Back in February of this year, I had a conference with Eva's preschool teacher. She told me that the woman who teaches the resource room came to the classroom for a visit one day (she doesn't usually work with the littlest kids) and she and the teacher got to talking about Eva and how she knows all her letters and really seems to absorb everything around her. Eva did a few tests in the resource room and, to everyone's joy, she scored at a kindergarten level for pre-reading skills! So the teachers started Eva on a reading program, the beginnings of which consist of matching like pictures, with other pictures as distraction. Then moving on to matching simple letter combinations, which gradually get more complex, to see if she can sort through the visual stimuli. The next step is a Reading Mastery Program with chunks of words (it stresses learning to identify the whole word, as opposed to spelling it out). So in addition to reading at home like we do, pointing out words, having her read the letters to us, we also started to label things in the house (bed, couch, table, etc.) so she could get used to seeing the words attached to things she's familiar with.
I am so grateful for wonderful teachers and staff who recognize that Eva can handle more challenges and not dismissing her desire to learn until she's "older".
What Eva taught me: to not think I know what she is capable of; to not think "oh, well that skill is for older kids, not her"; to set high standards and beam with pride when she meets them.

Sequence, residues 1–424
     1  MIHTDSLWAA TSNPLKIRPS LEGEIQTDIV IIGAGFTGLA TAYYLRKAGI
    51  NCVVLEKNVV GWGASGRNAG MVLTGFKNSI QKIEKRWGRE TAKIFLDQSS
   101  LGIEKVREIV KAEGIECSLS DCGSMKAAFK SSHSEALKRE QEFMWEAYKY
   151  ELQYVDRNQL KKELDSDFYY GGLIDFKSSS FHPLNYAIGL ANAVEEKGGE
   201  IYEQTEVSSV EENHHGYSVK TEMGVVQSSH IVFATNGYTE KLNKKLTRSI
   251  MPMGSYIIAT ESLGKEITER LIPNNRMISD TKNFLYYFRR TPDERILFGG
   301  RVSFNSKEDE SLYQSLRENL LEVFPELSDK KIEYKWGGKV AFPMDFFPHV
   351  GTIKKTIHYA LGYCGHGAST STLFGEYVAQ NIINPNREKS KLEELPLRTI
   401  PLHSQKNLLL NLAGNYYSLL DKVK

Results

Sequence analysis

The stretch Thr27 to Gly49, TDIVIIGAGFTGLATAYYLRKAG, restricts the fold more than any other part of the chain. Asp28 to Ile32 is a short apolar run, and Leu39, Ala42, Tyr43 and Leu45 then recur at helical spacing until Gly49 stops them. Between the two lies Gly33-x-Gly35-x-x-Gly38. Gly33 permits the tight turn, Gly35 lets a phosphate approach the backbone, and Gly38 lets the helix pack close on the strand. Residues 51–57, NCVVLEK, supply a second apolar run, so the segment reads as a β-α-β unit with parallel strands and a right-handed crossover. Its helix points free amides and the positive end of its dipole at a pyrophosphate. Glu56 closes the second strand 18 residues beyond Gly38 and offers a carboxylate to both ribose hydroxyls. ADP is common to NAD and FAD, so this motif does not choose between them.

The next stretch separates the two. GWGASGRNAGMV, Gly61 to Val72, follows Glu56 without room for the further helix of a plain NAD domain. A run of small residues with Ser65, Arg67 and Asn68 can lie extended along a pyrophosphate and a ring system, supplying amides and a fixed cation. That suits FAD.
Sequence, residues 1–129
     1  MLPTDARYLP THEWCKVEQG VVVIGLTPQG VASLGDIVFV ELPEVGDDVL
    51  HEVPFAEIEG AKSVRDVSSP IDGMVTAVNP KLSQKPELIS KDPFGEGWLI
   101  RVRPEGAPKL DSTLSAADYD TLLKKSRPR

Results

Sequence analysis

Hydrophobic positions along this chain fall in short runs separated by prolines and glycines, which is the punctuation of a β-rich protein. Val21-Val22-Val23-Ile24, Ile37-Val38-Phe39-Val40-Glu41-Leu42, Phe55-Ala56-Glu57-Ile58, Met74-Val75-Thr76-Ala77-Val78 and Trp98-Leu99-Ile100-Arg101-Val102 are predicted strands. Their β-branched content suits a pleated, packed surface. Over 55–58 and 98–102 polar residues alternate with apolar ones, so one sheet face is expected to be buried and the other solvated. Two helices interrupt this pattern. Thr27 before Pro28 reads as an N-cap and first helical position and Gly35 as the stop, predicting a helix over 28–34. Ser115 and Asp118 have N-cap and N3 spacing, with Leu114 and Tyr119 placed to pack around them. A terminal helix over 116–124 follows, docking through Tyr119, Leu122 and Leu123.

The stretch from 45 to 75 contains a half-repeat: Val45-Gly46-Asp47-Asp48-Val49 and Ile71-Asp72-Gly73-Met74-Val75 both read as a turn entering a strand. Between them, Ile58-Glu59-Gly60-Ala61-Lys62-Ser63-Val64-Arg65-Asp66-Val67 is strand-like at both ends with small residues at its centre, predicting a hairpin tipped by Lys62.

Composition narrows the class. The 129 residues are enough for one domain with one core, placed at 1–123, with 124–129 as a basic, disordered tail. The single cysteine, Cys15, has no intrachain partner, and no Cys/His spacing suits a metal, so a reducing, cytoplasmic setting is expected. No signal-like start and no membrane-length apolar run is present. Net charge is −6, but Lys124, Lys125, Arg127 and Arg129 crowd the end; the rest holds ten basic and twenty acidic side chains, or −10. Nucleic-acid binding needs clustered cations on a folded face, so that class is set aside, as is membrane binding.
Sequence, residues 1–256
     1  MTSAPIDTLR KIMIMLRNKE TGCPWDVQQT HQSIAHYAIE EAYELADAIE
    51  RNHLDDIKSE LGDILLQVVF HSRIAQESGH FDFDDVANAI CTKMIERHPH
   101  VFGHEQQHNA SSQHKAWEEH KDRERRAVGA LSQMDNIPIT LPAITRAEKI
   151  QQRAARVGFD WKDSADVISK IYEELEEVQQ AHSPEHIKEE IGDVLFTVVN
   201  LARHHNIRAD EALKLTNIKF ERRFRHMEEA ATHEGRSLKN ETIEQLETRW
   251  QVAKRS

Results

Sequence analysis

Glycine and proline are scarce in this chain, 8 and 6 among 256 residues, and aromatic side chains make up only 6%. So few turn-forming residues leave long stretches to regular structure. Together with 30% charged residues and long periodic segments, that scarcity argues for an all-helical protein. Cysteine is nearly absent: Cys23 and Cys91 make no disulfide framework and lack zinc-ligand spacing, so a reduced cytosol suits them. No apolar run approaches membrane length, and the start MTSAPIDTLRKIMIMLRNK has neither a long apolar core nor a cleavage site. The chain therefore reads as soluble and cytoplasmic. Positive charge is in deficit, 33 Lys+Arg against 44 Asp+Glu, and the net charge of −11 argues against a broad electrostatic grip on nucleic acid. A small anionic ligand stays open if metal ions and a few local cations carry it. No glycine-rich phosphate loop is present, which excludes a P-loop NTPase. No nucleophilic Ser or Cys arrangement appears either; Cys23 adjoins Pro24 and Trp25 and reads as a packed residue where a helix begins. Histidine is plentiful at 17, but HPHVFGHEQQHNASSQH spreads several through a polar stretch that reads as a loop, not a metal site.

My little girl, 4 years, 2 months and 20 days read her first word. Car. It's music to my ears.
Wednesday, May 13, 2009
I know it's been awhile since I posted and I know some of you, dear Readers, have been asking for new posts. So here is a pictorial post with Eva as my ever-agreeable subject. I recently bought a big beautiful digital SLR Nikon that I am in love with. These photos were taken with it. Enjoy!
I just love the way the late afternoon sunlight was making her eye(s) shine.
Singin' and swingin' at Hovander Homestead Park.
At Hovander. We're watching the turkeys about 15 feet away. She kept being silly and calling them "white peacocks"!
Out for a walk with Mommy on the trail by our house. A new favorite special mommy/daughter past time.
Sometimes, she just gets closer, closer, closerclosercloser!
Whee! Airplane rides from Daddy!! (I'm laying on the floor, looking up).
There's something to her expression that came through here that is very mature. I see a glimpse of what she'll look like when she's 14 or so.